FROM THE FRONTLINE
EXCLUSIVE By JENNIFER HUXLEY
SITTING in a boat in deep water off the west coast of Phuket, Bill O'Leary watched an eight-metre tsunami engulf Phang Nga Bay.
The father of four and husband of Grafton local Carolyn O'Leary (nee Hewitt) was in a speed boat at sea near Phi Phi when the waves hit.
Mr O'Leary said that because his vessel was in deep water the waves posed little danger to him and he was able to 'ride out the swell'.
"We watched the six to seven-metre waves hit Krabi Province, but from offshore we had no way of telling that the impact would be so bad," he said.
"In Phang Nga Bay, I witnessed the entire sand headland of Koh Yao Yai getting washed away into the sea and saw Koh Hong fill with a five-metre surge and empty, producing fierce boiling rapids. It was like the ocean was heavy breathing.
"I thank God that my wife and four kids survived. The surge stopped some 12 metres before our house at the back of Surin, which is 500 metres inland."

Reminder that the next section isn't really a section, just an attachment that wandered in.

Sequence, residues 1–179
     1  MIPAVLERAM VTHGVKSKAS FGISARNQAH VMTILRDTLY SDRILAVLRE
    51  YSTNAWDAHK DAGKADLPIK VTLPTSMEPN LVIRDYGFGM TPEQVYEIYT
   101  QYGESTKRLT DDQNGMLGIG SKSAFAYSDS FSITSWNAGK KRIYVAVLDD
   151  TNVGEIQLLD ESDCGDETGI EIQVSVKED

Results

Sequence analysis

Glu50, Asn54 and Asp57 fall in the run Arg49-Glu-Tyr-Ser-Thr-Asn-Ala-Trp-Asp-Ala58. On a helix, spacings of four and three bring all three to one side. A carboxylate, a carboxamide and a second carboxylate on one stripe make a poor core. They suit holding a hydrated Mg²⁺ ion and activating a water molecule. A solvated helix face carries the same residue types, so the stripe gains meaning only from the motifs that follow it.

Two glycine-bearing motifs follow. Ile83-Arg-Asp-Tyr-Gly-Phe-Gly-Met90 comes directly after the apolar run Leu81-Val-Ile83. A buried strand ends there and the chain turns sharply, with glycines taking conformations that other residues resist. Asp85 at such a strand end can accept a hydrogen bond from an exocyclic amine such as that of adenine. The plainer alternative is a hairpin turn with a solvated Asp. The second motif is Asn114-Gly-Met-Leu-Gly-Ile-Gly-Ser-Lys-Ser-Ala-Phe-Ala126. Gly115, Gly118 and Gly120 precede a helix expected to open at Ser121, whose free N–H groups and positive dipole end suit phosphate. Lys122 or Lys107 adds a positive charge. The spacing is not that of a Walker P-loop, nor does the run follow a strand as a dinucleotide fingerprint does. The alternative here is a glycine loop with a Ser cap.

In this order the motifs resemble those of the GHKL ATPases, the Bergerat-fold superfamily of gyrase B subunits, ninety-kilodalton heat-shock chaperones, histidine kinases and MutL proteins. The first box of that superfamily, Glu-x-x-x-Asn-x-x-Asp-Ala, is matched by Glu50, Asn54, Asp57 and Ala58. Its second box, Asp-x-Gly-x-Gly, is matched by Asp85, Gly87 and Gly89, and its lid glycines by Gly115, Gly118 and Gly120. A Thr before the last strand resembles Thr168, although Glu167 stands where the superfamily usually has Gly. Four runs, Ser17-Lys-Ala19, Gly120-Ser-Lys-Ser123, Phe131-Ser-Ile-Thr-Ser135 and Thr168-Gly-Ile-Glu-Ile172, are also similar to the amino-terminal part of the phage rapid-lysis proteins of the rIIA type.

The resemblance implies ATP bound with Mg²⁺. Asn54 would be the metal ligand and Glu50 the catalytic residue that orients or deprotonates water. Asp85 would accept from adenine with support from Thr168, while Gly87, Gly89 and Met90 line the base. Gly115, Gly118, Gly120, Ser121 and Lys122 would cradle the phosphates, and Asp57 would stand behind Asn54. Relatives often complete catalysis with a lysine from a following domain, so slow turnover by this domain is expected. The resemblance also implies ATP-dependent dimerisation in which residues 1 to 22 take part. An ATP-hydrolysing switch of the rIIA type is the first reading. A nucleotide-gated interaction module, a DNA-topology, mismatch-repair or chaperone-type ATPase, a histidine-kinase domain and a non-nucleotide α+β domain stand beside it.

Mr O'Leary revealed that his employer, the Amanpuri Resort Hotel, was 'one of the few hotels that did not have any loss of life', something that he attributes to the 'heroic actions' of one of his fellow employees.
"Before the tsunamis hit, I had a call on my mobile from Richie (Amanpuri Resort Hotel employee), saying that the water on the beach had receded 250metres. He wasn't sure what it meant or what to do.
"Water going back like that is a classic tell-tale sign of a tsunami. I told him to get everyone off the beach and on to high ground. He called back to say that the people on the beach, people like millionaires, wouldn't move.
"I told him to say that if they didn't move, they would die. It's the old mantra ? if the big waves are coming, the safest place is in deep water or head to the hills."